Got out for 50 this Sunday morning with Jim and John. We had a partial dirt tour from Richmond to Huntington and mixed in some quiet paved roads to stitch ourselves a loop. The three of us + Patrick are riding the D2R2 in a few weeks – and in addition to ‘training’ we all really like scenic, quiet dirt roads. We took the busy (even on a Sunday AM) Rt. 2 out of town, headed past Catamount on Mountain View Rd. – then dipped down to the valley on Gov. Chittenden Highway – a great seasonal road. In Richmond we followed the Winooski east a bit, then turned up on the edge of Camel’s Hump State Park. We were rewarded for the 15% grade with some great views of a quiet valley. Along pond road there is a – pond. We cut down to Huntington and then through the hollow to Hinesburg, scouting a few more dirt roads for a future ride. We wrapped up at John’s, and a cold Smuttynose hit the spot. I also picked up our cake pan from John – as we left it awhile back at dinner. It rode home on the Mark’s Rack (more on that later) held down with my improvised helmet strap / double strap method.
I met mamafiets and Ava at yoga for the ride home. I was tickled to see the Bak parked in a spot normally occupied by a car. Jen surprises me sometimes with her logic… which is great. At the beach she simply parked in the parking slot next to her girlfriends – at yoga she didn’t want to wrestle the bak over the curb – and figured if a motorcycle can park in the lot – then she could. (oh how I love thee…) I had 45 minutes to wait so I let the beer do its work and napped under a tree. We headed for home with a grocery stop and then were off to Plainfield to dinner with friends.
Good friend J was in town – he’s been touring the north east on his BMW GS. I plotted out some great dirt roads for him to explore – and on his way south he took in App Gap and lovely Rt. 100.
We enjoyed the usual Burlington and Church Street fare, including a short bike ride to the Winooski bridge. We spent the evening catching up after dinner, enjoyed a few local brews, and took the long walk home from downtown along the lakefront bike path as the sun was going down over the Adirondacks. J shot the portrait of Ava and I on the bridge – he borrowed my mountain bike that we have set up for guests. The last guest was 5’2″, J is 6’5″ or so… the saddle had to come way way up.
Burlington, VT on steroids? Lots of bikes, bike lanes and infrastructure. Plenty of good street performers. Unique shops, good food aplenty. Downtown is a stark contrast to the everywhere development surrounding our hotel just 10 miles south.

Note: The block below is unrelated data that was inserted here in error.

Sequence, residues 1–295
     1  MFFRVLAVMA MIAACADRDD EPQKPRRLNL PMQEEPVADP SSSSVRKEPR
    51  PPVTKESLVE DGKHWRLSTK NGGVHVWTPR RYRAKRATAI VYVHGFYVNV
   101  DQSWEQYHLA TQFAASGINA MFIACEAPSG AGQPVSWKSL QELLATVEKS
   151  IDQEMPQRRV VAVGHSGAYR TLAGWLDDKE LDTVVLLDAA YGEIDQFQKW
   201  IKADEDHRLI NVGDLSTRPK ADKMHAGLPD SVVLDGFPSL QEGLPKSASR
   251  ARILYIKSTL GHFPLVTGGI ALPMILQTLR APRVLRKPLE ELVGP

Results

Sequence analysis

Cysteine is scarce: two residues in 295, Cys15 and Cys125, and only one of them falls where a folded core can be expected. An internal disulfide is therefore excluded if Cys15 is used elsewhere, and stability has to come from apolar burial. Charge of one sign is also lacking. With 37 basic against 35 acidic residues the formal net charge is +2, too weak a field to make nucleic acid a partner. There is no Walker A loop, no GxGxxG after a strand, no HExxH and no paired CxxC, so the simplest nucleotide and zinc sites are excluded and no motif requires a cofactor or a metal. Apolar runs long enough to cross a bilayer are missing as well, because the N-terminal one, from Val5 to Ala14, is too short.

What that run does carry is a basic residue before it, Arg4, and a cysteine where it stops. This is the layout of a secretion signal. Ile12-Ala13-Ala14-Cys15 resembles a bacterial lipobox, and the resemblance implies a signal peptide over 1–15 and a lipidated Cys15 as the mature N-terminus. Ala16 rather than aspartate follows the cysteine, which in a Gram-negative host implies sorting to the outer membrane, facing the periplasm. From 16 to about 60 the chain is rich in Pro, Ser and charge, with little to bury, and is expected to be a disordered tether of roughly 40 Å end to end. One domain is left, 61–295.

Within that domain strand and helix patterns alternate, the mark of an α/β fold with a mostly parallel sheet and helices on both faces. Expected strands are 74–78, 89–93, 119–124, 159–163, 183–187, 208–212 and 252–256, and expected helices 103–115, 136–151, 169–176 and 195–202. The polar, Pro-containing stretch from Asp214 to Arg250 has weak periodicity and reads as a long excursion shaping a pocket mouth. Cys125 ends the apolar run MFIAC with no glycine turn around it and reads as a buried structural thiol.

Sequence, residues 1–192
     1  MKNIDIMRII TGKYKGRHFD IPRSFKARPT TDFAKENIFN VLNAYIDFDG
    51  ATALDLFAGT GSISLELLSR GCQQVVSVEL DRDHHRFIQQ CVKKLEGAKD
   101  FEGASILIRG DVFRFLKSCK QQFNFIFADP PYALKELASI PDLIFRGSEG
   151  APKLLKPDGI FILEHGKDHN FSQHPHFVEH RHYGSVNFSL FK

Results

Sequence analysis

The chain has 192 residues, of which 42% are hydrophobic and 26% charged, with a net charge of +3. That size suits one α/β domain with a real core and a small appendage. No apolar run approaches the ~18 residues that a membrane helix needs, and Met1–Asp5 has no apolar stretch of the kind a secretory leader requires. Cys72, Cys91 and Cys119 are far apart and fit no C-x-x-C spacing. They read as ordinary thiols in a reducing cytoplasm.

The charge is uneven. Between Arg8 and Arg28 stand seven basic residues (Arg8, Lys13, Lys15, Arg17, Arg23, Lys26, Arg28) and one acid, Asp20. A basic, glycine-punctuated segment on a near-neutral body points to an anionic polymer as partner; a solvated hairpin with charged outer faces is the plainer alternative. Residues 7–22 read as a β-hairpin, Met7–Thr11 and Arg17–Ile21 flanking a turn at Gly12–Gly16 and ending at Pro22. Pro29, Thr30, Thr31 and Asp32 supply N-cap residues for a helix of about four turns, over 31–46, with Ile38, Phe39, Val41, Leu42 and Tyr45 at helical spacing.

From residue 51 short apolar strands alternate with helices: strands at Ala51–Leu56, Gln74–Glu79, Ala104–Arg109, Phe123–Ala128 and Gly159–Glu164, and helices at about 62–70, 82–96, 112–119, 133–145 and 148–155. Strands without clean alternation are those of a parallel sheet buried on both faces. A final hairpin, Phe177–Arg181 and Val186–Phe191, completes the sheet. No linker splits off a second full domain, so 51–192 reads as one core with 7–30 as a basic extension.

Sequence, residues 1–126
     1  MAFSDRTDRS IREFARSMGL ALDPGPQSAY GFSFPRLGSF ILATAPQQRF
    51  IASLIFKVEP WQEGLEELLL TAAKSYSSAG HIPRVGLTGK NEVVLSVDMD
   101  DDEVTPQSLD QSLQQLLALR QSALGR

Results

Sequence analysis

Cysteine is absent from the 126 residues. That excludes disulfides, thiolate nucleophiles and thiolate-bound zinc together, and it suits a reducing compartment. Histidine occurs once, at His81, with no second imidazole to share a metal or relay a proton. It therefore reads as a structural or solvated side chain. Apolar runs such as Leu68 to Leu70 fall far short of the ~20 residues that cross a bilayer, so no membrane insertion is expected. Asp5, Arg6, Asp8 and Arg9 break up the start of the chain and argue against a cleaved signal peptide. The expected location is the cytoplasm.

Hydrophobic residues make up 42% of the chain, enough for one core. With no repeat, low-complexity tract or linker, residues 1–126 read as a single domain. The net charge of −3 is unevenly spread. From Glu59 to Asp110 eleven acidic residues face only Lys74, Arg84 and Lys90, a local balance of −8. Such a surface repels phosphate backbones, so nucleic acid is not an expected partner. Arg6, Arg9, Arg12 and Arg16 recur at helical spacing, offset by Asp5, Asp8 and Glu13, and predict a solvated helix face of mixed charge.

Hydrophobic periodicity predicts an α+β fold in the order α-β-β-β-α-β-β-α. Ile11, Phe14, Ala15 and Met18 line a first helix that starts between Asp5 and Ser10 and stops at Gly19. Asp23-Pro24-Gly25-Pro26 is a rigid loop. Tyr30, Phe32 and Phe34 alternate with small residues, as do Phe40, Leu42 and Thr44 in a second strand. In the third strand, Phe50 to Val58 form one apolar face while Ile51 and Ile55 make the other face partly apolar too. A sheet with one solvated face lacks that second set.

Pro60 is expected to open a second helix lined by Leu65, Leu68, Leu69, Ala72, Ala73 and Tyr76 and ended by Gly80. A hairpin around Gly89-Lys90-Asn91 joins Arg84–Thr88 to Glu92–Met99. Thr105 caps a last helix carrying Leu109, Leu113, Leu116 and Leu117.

Grandpa Woodstock, in Boulder, CO. He is quite the character, and according to the mighty Google he travels about the country on foot, bicycle, and moped living in the woods and off the kindness of strangers. We chatted for a bit and he tooted his horn at everyone that passed, proclaiming his message of peace and love.
We spent a few days ‘out west’ – Jen had client meetings and Ava and I got to play. We were staying in an exurb of Denver – and from the little exploring I did it seemed like this type of development stretched from the burbs of Denver nearly all the way to Boulder.
The shock of the new was something I didn’t anticipate. I guess I’ve grown accustomed to the history of the northeast. Everywhere we went on the main stretch of road was littered with retail and corporate developments. Housing was always off to the side – and the ‘town center’ was a retail conglomeration of chain land surrounded by acres of parking – I could have been anywhere. Local was nowhere to be found.
We were staying near the ‘Promenade’ – an outdoor mall anchored by a multiplex cinema – complete with canned music and canned history.
At the crossroads of the development was an inlaid compass – complete with distances that only reminded me that I was nowhere and everywhere – wishing I was in Rome, or NYC – both places that I’ve enojoyed, both places with history, with unique energy and with their own local sense of place.
After a hectic week with the whole family coming down with a GI virus I managed to get out on the bike. We skipped the Boilermaker as we have all been under the weather – so any exercise was welcome – and I just wanted to spin the legs.
John and I managed ~34 miles today. I was on the Surly fixed gear and John got the A. Homer Hilson dirty. We had a great but windy start heading south to Charlotte fighting the wind – hoping it would stay its course through the day so we would have a tailwind on the return trip. We had drizzle and wind for a bit – then a torrential wind driven downpour soaked us to the bone as we neared the ferry landing. The wind and the rain were coming so hard that it hurt when it hit my face – we ducked onto a side road under some trees and slowed the pace for a bit – and decided to make it an easier day. We topped up our bottles and had a snack at the Old Brick Store in Charlotte – then added rain gear to keep warm for the return journey. I regretted leaving the rain cape at home – as I took the plastic jacket to try again to like it…
We explored a bit as we neared the lake front bike path – looking for an elusive shortcut through the woods and a condo development. We didn’t find the path – but we did find what looked like a stolen and abandoned mountain bike. We dropped it off at Burton’s headquarters and talked to some employees – they think the bike might belong to one of their fellow employees.
Most of the photo’s I’ve added lately have been taken with my Palm Centro. It’s not the greatest camera in the world – but I don’t have to carry an extra piece of digital equipment. I do like some of the effects I get when shooting a closeup while moving…